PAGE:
When you arrive at the Canadian border, you will be interviewed by an official at the border, who will examine your paperwork and may ask additional questions before approving your entry

Dependent children of Ukrainian citizens or their common law partners or spouses are eligible to apply for entry into Canada under CUAET.

To be considered a “dependent child”, a child (biological, adopted or step-child) must, on the date a completed application is submitted:

  • be under 22 years old, and
  • not have a spouse or common-law partner.

OR

  • be 22-years-old or older but:
    • have depended on their parents for financial support since before they reached the age of 22, and
    • be unable to financially support themselves due to a mental or physical condition (called an “over-age dependant”)

The Government of Canada has an online tool to check if your child qualifies as a dependant.

(IRCC Glossary webpage, “dependent child”; Immigration and Refugee Protection Regulations, SOR/2002-227, s 2)

Common law partners of Ukrainian citizens are eligible to apply for entry into Canada under CUAET.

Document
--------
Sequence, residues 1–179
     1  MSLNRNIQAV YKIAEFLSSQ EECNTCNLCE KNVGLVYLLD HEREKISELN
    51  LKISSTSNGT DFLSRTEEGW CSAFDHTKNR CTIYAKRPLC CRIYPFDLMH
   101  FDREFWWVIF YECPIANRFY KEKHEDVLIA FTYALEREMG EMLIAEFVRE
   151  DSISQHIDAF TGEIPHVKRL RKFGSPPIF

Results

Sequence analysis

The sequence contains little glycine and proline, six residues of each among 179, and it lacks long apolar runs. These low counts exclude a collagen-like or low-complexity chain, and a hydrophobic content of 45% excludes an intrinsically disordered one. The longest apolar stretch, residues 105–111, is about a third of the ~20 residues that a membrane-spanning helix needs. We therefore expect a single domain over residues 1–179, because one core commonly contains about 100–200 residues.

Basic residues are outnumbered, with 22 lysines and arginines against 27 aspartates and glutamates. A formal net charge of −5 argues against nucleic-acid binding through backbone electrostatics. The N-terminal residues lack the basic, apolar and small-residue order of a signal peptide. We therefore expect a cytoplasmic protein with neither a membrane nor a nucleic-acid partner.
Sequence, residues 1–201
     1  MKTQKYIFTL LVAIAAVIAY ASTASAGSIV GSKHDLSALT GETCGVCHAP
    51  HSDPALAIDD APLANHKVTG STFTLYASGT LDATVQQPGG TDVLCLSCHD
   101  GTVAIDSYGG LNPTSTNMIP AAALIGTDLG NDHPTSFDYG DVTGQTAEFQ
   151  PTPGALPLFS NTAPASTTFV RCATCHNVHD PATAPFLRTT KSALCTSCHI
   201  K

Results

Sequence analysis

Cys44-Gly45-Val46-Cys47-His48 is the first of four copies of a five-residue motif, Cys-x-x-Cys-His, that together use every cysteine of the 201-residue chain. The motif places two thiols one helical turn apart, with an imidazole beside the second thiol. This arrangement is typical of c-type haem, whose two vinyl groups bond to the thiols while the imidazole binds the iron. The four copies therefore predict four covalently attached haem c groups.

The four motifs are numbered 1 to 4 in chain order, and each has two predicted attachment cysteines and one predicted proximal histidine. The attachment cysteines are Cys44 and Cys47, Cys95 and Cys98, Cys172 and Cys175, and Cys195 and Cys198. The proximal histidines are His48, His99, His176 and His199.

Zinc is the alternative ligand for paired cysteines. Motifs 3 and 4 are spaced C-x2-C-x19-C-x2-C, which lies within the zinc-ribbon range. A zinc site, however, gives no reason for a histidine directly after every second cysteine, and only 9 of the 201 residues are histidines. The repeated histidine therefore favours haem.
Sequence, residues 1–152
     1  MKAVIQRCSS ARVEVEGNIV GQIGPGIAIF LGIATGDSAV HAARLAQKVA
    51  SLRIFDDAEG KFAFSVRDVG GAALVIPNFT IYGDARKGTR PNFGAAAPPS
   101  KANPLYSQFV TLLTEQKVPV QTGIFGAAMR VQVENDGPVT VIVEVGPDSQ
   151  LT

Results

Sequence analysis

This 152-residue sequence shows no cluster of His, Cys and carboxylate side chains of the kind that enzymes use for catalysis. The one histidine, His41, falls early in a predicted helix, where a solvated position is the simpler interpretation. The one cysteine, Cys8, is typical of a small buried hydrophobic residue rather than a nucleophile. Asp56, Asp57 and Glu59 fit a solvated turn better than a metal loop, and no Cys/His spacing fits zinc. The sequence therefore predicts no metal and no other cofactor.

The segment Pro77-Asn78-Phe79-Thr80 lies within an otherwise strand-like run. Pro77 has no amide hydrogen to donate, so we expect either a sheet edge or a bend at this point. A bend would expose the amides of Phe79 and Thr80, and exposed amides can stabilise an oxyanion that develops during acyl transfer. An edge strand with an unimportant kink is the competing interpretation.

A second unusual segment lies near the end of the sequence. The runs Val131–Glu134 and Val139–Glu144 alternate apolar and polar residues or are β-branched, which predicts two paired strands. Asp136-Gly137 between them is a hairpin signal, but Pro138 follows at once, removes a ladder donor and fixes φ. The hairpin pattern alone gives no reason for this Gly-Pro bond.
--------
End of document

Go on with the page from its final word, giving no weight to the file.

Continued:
A common law partner is defined as a person who has been living with another person in a conjugal relationship for at least one year. The term refers to opposite-sex and same-sex relationships.

(IRCC Glossary webpage, “common law partner”; Immigration and Refugee Protection Regulations, SOR/2002-227, s 1(1))

Parents of independent adults are not considered “immediate family members” under CUAET and are not eligible to apply on the basis of their relationship with their Ukrainian child, unless that child is a “dependent child”. Note that a dependent child may be up to 22 years old, or older than 22 if they are unable to support themselves financially due to a mental or physical disability. See the FAQ above for a full definition of “dependent child”. They can apply on their own if they are eligible on other grounds (e.g., if they are Ukrainian themselves or are married to a Ukrainian citizen).